9. Magnetotelluric fieldwork adventures in Africa

    NASA Astrophysics Data System (ADS)

    Whaler, K. A.

    2006-04-01

    The magnetotelluric (MT) method is a way of probing the electrical resistivity (or its inverse, electrical conductivity) distribution of the subsurface. It is based on the principle of electromagnetic induction, in which natural magnetic field sources external to the Earth induce eddy currents within it whose geometry and decay depend on the subsurface resistivity structure. The method is therefore entirely passive, and it can be employed in environmentally sensitive areas. The resistivity of the subsurface depends on its temperature, mineralogy and fluid content, both interstitial and partial melt, and is sensitive to even small amounts of melt and residual fluids and its connectivity. Thus it can be a good discriminant between different rock types, and complements information available from other geophysical methods. Here, I outline the basics of the MT method, indicate how data acquisition, processing and modelling are undertaken, and illustrate the uses of MT to investigate tectonic and structural problems through three case studies from Africa.

  10. Strengthening pharmacovigilance in South Africa.

    PubMed

    Mehta, U; Dheda, M; Steel, G; Blockman, M; Ntilivamunda, A; Maartens, G; Pillay, Y; Cohen, K

    2014-02-01

    This report outlines findings and recommendations of a national pharmacovigilance workshop held in August 2012 in South Africa (SA). A survey of current pharmacovigilance activities, conducted in preparation for the meeting, identified multiple programmes collecting drug safety data in SA, with limited co-ordination at national level. The meeting resolved that existing pharmacovigilance programmes need to be strengthened and consolidated to ensure that important local safety issues are addressed, data can be pooled and compared and outputs shared more widely. Pharmacovigilance activities should inform treatment guidelines with the goal of improving patient care. A variety of pharmaco-epidemiological approaches should be employed, including nesting drug safety studies within existing sentinel cohorts and the creation of a pregnancy exposure registry. The attendees agreed on key principles that will inform a national pharmacovigilance plan and compiled a list of priority pharmacovigilance issues facing public health programmes in SA.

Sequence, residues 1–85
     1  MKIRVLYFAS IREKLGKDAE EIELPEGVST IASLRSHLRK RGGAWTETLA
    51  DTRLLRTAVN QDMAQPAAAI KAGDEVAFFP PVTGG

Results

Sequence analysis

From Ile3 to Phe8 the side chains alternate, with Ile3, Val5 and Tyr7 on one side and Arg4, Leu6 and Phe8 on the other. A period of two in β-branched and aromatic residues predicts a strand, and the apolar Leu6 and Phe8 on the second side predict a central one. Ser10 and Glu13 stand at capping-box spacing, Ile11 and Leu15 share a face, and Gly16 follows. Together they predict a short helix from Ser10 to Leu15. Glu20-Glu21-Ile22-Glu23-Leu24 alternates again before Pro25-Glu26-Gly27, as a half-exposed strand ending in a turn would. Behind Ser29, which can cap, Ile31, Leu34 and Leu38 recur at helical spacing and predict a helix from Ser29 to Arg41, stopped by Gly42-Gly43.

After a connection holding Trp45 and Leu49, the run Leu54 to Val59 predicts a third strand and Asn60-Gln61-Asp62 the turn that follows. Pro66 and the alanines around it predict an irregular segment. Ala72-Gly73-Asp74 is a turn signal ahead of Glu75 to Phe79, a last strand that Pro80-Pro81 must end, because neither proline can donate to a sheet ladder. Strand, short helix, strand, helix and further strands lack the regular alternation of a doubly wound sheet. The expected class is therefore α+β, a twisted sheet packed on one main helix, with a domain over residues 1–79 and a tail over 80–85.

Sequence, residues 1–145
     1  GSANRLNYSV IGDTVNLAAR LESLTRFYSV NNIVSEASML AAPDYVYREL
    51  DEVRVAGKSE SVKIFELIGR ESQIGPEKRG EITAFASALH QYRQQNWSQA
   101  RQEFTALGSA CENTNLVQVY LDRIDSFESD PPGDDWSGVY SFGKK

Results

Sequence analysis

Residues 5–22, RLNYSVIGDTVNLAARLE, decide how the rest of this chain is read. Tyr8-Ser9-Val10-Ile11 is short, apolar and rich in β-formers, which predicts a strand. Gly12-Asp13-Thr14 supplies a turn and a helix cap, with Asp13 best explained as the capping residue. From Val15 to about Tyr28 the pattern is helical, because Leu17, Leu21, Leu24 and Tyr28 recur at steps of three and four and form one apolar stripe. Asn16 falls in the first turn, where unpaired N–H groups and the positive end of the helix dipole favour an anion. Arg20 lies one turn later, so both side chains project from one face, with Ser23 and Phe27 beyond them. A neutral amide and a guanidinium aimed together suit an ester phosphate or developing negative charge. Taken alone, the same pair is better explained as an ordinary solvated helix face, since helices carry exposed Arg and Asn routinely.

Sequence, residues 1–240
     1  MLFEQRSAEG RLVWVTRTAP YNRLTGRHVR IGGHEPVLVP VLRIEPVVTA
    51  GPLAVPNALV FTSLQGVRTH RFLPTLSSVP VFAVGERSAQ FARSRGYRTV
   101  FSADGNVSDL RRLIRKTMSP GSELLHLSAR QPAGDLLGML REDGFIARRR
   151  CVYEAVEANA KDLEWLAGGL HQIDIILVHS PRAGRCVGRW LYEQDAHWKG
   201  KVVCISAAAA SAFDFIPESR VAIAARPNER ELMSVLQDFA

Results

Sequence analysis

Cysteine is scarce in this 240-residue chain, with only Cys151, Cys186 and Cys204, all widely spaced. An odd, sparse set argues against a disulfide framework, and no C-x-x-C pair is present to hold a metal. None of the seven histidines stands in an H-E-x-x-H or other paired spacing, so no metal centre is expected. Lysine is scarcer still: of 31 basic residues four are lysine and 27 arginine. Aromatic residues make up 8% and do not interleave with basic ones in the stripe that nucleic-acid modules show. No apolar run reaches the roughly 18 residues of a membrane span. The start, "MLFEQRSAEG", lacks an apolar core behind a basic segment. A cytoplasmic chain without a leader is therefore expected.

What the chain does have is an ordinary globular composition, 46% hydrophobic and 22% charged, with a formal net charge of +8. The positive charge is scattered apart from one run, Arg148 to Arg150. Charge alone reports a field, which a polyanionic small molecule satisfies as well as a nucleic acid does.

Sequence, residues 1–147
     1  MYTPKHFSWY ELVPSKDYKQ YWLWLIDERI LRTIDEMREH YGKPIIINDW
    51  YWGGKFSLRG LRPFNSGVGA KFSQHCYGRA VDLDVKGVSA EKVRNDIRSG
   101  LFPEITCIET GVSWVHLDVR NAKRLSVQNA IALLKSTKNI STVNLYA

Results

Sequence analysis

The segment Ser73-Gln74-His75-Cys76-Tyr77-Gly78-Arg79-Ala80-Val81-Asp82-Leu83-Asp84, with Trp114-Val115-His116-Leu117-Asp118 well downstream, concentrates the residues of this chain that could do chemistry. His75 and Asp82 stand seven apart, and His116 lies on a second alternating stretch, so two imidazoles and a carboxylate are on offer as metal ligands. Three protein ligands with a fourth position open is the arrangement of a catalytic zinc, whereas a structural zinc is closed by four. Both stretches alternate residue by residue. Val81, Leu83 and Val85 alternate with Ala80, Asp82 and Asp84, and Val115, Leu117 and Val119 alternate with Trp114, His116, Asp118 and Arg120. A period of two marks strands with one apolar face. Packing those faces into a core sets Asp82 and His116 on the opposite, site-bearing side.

11. New initiatives against Africa's worms.

    PubMed

    Fenwick, Alan

    2006-03-01

    Since 1999, the funding available for the control of diseases of poverty (neglected diseases) has increased mainly due to leverage resulting from donations by the Bill and Melinda Gates Foundation and loans from the World Bank. Many countries have embarked on control programmes on a national scale due to drug donations by pharmaceutical companies through vertical programmes. The Schistosomiasis Control Initiative has expanded its operations to cover six countries in sub-Saharan Africa, but overlap of treatments between different vertical programmes is now a reality, and so care is needed to ensure that too many different drugs are not given together. Dialogue between programme managers has increased, and integration of some programmes may offer chances of synergy.

  12. Selection and Characterization of Vegetable Crop Cultivars for use in Advanced Life Support Systems

    NASA Technical Reports Server (NTRS)

    Langhans, Robert W.

    1997-01-01

    Cultivar evaluation for controlled environments is a lengthy and multifaceted activity. The chapters of this thesis cover eight steps preparatory to yield trials, and the final step of cultivar selection after data are collected. The steps are as follows: 1. Examination of the literature on the crop and crop cultivars to assess the state of knowledge. 2. Selection of standard cultivars with which to explore crop response to major growth factors and determine set points for screening and, later, production. 3. Determination of practical growing techniques for the crop in controlled environments. 4. Design of experiments for determination of crop responses to the major growth factors, with particular emphasis on photoperiod, daily light integral and air temperature. 5. Developing a way of measuring yield appropriate to the crop type by sampling through the harvest period and calculating a productivity function. 6. Narrowing down the pool of cultivars and breeding lines according to a set of criteria and breeding history. 7. Determination of environmental set points for cultivar evaluation through calculating production cost as a function of set points and size of target facility. 8. Design of screening and yield trial experiments emphasizing efficient use of space. 9. Final evaluation of cultivars after data collection, in terms of production cost and value to the consumer. For each of the steps, relevant issues are addressed. In selecting standards to determine set points for screening, set points that optimize cost of production for the standards may not be applicable to all cultivars. Production of uniform and equivalent- sized seedlings is considered as a means of countering possible differences in seed vigor. Issues of spacing and re-spacing are also discussed.